In Los Angeles, restaurants come and go like movie titles on a marquee. A new hot spot opens every week with cumbersome reservation policies that ultimately send it to OpenTable.com purgatory. The recession has only sped up the process by forcing high-end bistros to shift to budget fare before turning off their ovens completely. But a few new restaurants are proving they have the sizzle to outlast a weak economy. BOA Steakhouse: This steak chain has opened a new location on Sunset Boulevard last month, and reservations are already piling up. BOA Steakhouse got a L.A. makeover inside a Beverly Hills building that will become the home of the city's first Soho House, an exclusive private club with sites in New York and London.
While the restaurant is inside a tower, its two-story architecture minimizes the office-park vibe. Its floor-to-ceiling windows open to a massive outdoor space that attracts a fun happy-hour crowd. Inside, the dining room is bright and airy with concrete floors and freestanding circular booths. BOA has honed its menu to perfection after many years at its former address. Appetizers include steak tartare that's prepared tableside and crab cake salad with spicy hearts of palm. The owners also operate the equally formidable Sushi Roku franchise. Surf and turf specialties include Maine lobster, dry-aged New York strip steak and Japanese Wagyu beef with truffle cheese fries. Cecconi's: Soho House West Hollywood isn't opening until next year, but its owners decided to debut their chic bistro Cecconi's in March. The restaurant occupies the former space of the revered Morton's, which had been home to Vanity Fair's annual Oscar party.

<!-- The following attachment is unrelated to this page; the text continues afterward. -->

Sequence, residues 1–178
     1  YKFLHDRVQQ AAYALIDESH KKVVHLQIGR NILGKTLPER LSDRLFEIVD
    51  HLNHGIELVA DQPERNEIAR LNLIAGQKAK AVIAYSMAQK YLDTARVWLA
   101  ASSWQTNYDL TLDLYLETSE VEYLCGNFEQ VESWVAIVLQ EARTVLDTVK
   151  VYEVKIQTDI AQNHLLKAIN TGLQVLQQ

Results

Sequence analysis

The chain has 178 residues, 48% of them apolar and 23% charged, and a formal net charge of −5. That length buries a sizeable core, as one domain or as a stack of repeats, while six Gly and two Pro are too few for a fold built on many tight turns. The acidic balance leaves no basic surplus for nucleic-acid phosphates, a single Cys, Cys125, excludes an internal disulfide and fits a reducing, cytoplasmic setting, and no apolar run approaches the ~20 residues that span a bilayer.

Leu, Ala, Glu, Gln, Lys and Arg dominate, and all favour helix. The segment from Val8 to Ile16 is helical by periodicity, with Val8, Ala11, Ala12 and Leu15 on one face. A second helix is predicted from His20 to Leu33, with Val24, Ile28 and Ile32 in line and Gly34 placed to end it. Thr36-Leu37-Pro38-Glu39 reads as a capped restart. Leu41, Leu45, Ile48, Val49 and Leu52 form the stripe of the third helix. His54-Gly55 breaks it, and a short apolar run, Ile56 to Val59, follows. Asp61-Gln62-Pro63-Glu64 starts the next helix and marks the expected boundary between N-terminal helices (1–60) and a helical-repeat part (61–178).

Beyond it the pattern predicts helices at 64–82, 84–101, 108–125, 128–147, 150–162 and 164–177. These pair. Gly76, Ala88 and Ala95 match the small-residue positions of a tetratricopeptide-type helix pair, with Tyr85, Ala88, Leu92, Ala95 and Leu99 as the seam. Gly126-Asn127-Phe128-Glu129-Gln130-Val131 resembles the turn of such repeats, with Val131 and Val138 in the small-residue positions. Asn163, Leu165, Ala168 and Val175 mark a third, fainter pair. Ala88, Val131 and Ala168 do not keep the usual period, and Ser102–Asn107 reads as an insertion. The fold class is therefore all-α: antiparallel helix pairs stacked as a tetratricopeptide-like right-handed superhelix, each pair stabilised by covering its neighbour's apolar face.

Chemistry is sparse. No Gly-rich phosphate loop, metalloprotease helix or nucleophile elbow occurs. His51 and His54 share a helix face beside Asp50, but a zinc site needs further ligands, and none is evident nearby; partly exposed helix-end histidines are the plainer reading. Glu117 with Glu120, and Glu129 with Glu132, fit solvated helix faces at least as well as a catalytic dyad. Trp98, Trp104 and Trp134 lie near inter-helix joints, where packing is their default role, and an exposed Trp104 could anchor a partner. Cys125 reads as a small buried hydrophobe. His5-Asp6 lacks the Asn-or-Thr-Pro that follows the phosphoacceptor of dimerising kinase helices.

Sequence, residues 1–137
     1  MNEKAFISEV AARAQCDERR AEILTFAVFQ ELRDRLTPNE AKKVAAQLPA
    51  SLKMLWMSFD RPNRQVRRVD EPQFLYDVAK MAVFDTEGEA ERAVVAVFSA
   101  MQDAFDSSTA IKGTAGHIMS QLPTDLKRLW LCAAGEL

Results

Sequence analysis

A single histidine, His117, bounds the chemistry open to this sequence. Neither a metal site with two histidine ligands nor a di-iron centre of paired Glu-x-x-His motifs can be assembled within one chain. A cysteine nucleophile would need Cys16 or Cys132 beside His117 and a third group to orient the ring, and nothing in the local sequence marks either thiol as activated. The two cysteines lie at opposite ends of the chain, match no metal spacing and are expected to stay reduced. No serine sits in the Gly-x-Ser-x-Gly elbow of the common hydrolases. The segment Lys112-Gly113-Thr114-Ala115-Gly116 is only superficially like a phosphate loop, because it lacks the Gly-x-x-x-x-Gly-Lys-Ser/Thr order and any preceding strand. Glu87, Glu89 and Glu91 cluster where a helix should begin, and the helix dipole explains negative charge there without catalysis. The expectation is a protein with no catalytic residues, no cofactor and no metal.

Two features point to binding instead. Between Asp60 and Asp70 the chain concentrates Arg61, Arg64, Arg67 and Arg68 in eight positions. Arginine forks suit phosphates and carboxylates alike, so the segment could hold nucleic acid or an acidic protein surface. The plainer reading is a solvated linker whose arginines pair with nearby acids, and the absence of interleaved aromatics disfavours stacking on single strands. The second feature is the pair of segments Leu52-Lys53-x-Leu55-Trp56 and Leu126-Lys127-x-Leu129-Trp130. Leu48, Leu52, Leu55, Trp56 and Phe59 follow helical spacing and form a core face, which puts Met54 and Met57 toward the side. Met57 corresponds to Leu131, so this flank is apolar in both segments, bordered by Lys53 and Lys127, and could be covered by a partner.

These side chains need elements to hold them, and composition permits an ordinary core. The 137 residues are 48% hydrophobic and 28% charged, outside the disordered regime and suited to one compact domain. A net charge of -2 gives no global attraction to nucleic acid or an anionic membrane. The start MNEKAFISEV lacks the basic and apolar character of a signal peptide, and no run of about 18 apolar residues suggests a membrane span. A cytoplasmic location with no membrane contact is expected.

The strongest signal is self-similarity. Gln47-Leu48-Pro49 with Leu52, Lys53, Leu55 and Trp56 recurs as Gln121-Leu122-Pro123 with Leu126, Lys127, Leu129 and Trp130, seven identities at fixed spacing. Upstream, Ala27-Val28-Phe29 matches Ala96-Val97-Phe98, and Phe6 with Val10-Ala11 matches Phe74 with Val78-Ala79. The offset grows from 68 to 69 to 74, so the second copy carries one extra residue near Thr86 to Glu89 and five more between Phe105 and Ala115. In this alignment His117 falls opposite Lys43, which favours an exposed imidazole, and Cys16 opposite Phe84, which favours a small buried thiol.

|Cecconi's, a new restaurant in Los Angeles, is prospering despite the recession.|
Cecconi's is a glittery refuge of regency-style décor that's heavy on pomp and circumstance. On busy nights, the valet will ask for your name and reservation before parking your car. Inside, four super-stiff hosts tend to guests who have been waiting as long as a month for a weekend reservation. The space dazzles with striped marble floors, Tiffany ( TIF)-blue club chairs and a decadent four-sided bar packed with diners who couldn't score a table. A private dining room that's empty more often than not seems like a waste of space between the main dining room and the opulent bathrooms. Service is fit for Buckingham Palace with a menu of surprisingly well-priced specialties for breakfast, lunch and dinner. Days begin with ricotta hotcakes or panettone French toast followed by light lunches of $14 carpaccios and spicy shrimp salad. The dinner menu includes veal Milanese, eggplant parmigiana, gooey truffle pizza and baked swordfish with lemon and capers. Tavern: This gastropub in L.A.'s Brentwood neighborhood is perhaps the tastiest of the city's new eateries. Its playful bar menu offers bite-size portions of fried oysters with bacon, fava-bean puree with toast dippers and onion rings. There's also heavier grub, such as burgers made of turkey, pork and beef with slices of melted manchego or fontina cheese. Tavern's dining room is a fancier affair. Its menu features duck sausage, slow-roasted salmon, hangar steak with creamed spinach and grilled lamb. Its glass-roofed dining room strikes a sophisticated note with ashy hardwood floors and slate-gray sofas.